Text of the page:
Chase Bryant ready for big stage at Country Jam
Brad Paisley. Blake Shelton. Lee Brice.
The three solo male artists headlining this year’s Country Jam had to start their careers somewhere and at some time.
For Chase Bryant, 23, that time is now.
Originally from the tiny town of Orange Grove, Texas, Bryant makes his Country Jam Main Stage debut at 6:30 p.m. Thursday, June 16.
A lot country and a lot rock ‘n’ roll, Bryant comes to western Colorado with a strong lineage in music — his grandfather played piano in Roy Orbison’s first two bands and then with Waylon Jennings — that gave him a connection in the music industry and the passion to pursue music professionally.
In advance of his appearance at one of the largest music festivals in Colorado, Bryant talked about his start in music, how one Keith Urban album changed his life and how long it takes him to create that signature almost faux hawk hairstyle.
Melinda Mawdsley: I read you grew up listening to, among others, Jerry Lee Lewis, Tom Petty and Merle Haggard. Yet you are only 23. I can’t imagine there were many of your peers born in the early 1990s listening to the same music.
Chase Bryant: I was attracted to good music, you know. I was attracted to music that had a meaning and music that I was going to draw from. For whatever reason, those were all things I resonated toward as a musician, producer and songwriter. I was probably ahead of my time.
Mawdsley: Yet it was a Keith Urban album that specifically left a lasting impression. Why?
Bryant: I think the biggest thing “Love, Pain & The Whole Crazy Thing” did to me was it taught me if I wanted to be driven and play music that other people weren’t playing I could do it. If you listen to (Urban’s) record, there was nothing like it. I picked up guitars and beat on them until they made the right noise. That record said I could probably have a little more rock influence and people would listen.
Mawdsley: You wanted to pursue country music but moved west after high school. Why west?
Bryant: Sometimes your compass is a little off, I guess. I think for me the biggest thing was it was my first shot to get out of my hometown and do something a lot of people said I’d never do. I think that’s what made me want to go. People said I’d never do it. I hated school. I didn’t want to go to college. I knew what I wanted to do. I knew I wanted to end up in Nashville. I just had to get there somehow.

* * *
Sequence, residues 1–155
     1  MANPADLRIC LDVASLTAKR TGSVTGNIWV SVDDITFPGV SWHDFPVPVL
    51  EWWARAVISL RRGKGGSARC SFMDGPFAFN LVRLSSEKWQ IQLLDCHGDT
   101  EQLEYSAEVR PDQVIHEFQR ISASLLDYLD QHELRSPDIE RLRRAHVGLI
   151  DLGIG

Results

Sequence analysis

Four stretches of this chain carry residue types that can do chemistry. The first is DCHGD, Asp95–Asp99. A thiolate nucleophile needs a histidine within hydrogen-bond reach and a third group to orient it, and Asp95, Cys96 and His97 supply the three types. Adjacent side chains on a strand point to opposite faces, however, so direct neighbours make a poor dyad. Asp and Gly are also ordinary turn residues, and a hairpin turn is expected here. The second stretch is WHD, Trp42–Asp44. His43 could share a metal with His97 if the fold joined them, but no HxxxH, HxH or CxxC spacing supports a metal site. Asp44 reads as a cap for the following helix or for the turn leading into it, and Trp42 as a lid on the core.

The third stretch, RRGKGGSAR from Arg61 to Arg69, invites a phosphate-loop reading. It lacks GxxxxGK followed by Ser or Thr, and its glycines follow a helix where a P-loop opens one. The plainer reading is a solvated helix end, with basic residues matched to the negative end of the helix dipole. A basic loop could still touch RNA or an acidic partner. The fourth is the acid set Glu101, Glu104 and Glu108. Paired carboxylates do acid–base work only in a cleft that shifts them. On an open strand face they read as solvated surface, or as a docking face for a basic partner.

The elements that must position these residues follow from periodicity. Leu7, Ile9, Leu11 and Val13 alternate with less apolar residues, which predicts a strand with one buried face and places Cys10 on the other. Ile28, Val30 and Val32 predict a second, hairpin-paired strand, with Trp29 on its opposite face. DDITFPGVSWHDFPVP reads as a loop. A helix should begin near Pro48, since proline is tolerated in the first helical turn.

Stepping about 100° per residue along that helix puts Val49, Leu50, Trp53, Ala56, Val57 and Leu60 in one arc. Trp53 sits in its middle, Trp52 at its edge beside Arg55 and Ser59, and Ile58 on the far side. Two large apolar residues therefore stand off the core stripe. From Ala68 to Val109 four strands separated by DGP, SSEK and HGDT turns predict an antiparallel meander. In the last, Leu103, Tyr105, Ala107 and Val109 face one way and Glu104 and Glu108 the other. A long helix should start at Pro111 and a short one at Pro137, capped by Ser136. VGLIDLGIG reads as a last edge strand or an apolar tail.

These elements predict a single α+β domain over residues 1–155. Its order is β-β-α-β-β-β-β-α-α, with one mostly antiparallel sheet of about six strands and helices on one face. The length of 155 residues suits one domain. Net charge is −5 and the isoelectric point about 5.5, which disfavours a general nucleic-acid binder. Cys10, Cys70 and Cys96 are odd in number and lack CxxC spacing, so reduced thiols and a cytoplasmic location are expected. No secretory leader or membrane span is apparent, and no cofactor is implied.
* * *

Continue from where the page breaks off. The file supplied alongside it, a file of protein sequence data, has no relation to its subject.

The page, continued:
Mawdsley: Your family’s connection to Roy Orbison led you, his widow, Barbara Orbison years ago. How did that meeting get set up?
Bryant: It was one of those moments where you go, “How the hell did this happen?” It’s crazy. I think you just have to look at it and understand that hard work a lot of times pays off. It was a lot of hard work getting there. Somehow she ran across me. (Barbara Orbison signed Bryant after one meeting. He was her final signing before she died.)
Mawdsley: You had the opportunity to tour with Tim McGraw and Brantley Gilbert, both have played Country Jam. Did you learn any valuable lessons from those experiences opening for those guys?
Bryant: Well, you definitely learn how to work out with (McGraw). You learn how much you suck before you learn how good you are. He has like, what, 37 or 38 No. 1 songs? He goes on stage and people sing along to every song. They didn’t necessarily pay to see you. You have to look at it another way: It will take you a while to learn how to be a winner in an old’s man’s game.
Mawdsley: Well, here you are. You’ve released one EP with a full-length album coming.
Bryant: The record is in the fall. We just got out of rehearsals (in late May) and are ready to play a brand new set. It’s all going to be brand new music that nobody has heard before.
Mawdsley: Do you have a lot of time to write while touring?
Bryant: Oh yeah, every day. It’s fun to be creative, too.
Mawdsley: Describe what your life is like right now, as a 23-year-old up-and-coming country music singer.
Bryant: I’m a 23-year-old who’s doing it. It’s crazy. I had to start making decisions early and had to start doing things differently early. I figured out how to make that work. I’m running a business and have people work for me. I never thought about what it’s like. If I did, I may get cocky or arrogant.
Mawdsley: Last question. I have to ask, how long does it take you to do your hair?
Bryant: (Laughing). Not long at all. It’s pretty quick. I’ve got it down now. It used to take me forever, washing my hair six times getting gel out.